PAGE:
The texts that bombarded my phone last Saturday afternoon will remain etched in my mind for the rest of my life. “Run. Hide. Active shoot (sic) on the Diag. RUN.” While I couldn’t comprehend what was happening in that moment, I knew this day would quickly become a day I would never forget.

For the next four hours, with each “ping,” my phone continued to make my heart drop even further. As I sat in the safety of my apartment, I was nowhere near comfortable, knowing my best friends and community members feared they may be living the last moments of their lives.

I sat in my living room frozen and expressionless, holding back tears every time one of my friends didn’t answer his or her phone. My heart raced each time I heard rumors the alleged gunman was getting closer to my apartment or where my friends were. I feared for my safety and dreaded losing the people dearest to my heart. I worried about getting to class safely and walking home late from the library. I stopped at the idea that our safety as students is not a guarantee and tomorrow is not promised.

Last Friday, two New Zealand mosques faced an act of terrorism executed by a white supremacist who took the lives of at least 50 people and wounded at least another 50. The terrorist responsible for these acts of violence live-streamed his attacks on Facebook for the world to see. While Facebook had the video down within minutes, it has circulated to various online platforms and generated over one million views. In addition to his live-stream, the shooter also released a manifesto highlighting his white supremacist views, in which he praised President Donald Trump and voiced his support for Trump’s views.

The Muslim community around the world has been put under extreme pressure to openly express its identity during a trying time of bigotry. With popular figures like Trump continuing to fuel the energy and passion of white supremacists, xenophobia has continued to rise along with the daily fear of being openly Muslim in today’s society.  

Many communities have come together to express their support by acts of unity. The University of Michigan’s Islamophobia Working Group and the Muslim Student Association planned and came together for a vigil Saturday to express their solidarity for the community and pay respect to the lives lost to senseless violence. The vigil was quickly broken up by police shouting for the attendees to run. With no explanation or further instructions, attendees of the vigil ran for their lives, getting trampled and dropping belongings along the way.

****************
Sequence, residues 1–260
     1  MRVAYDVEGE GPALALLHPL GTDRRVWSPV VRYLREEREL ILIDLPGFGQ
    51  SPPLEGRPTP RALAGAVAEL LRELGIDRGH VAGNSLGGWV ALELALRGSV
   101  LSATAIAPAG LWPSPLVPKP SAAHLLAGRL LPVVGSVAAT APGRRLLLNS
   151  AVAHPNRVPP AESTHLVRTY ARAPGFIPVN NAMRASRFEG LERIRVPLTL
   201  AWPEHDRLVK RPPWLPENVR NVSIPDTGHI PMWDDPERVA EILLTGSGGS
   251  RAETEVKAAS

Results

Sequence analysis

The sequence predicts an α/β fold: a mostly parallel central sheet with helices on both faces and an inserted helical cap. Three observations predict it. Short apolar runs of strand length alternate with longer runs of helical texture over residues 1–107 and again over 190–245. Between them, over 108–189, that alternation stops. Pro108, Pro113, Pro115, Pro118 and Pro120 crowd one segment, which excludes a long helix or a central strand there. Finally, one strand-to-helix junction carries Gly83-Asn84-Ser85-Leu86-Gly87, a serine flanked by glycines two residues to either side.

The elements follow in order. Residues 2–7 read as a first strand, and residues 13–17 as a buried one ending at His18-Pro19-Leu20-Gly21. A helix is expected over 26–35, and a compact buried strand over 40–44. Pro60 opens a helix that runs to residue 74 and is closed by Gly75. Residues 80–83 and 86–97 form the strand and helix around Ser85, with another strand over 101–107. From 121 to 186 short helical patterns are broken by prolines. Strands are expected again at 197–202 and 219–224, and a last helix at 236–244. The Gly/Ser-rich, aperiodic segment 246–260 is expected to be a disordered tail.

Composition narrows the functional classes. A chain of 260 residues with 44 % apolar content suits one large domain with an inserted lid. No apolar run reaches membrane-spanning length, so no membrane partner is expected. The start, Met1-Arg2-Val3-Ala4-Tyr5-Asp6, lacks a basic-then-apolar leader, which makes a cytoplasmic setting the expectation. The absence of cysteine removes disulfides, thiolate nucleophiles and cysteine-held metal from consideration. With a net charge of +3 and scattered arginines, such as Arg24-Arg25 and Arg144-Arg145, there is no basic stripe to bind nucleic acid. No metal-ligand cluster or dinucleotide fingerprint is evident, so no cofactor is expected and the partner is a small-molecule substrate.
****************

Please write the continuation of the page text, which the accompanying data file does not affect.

Just as the Muslim community in New Zealand was attacked in the safe space of their place of worship, the threat the Muslim community at the University felt was also in the safe space of their campus community.

While the reports of an active shooter threat were false alarms, the trauma that existed within the Muslim and Arab communities and their allies was certainly not a false alarm. The lack of response I saw from faculty and administration regarding the active shooter threat downplays the emotional trauma that a group of predominantly minority students felt that day. The lack of concern from these bodies made the University a place where students felt alienated rather than one where they could find solace.

Before the University had even officially issued an “all-clear” to the active shooter threats, students had already began circulating and sending memes and jokes about the incident and completely undermining the real fear felt by many of their peers, some who were still barricaded in classrooms, hiding to save their lives.

The lives of my people are worth more than a meme. The emotional toll my community has faced deserves more than a “just get over it, nothing really happened.” The reality is the emotional trauma that minority groups face will simply continue to be ignored. Had this threat affected a predominantly white group of students, the University would not have reacted the same way. Muslim students and their allies were expected to carry on as normal in the days following, whether it was going to work the next morning or taking an organic chemistry exam less than 48 hours later. Official statements from University administration were scarce and the sentiment on campus was business as usual.

While the greater campus community may not have come through for us that weekend, I realized the strength and beauty in our smaller Muslim and Arab communities here on campus. Whether it was letting people hide for safety in each other’s apartments or simply offering to talk to affected students, my communities came together in a time of need and highlighted the importance of celebrating our unity in diversity.

Maria Ulayyet can be reached at

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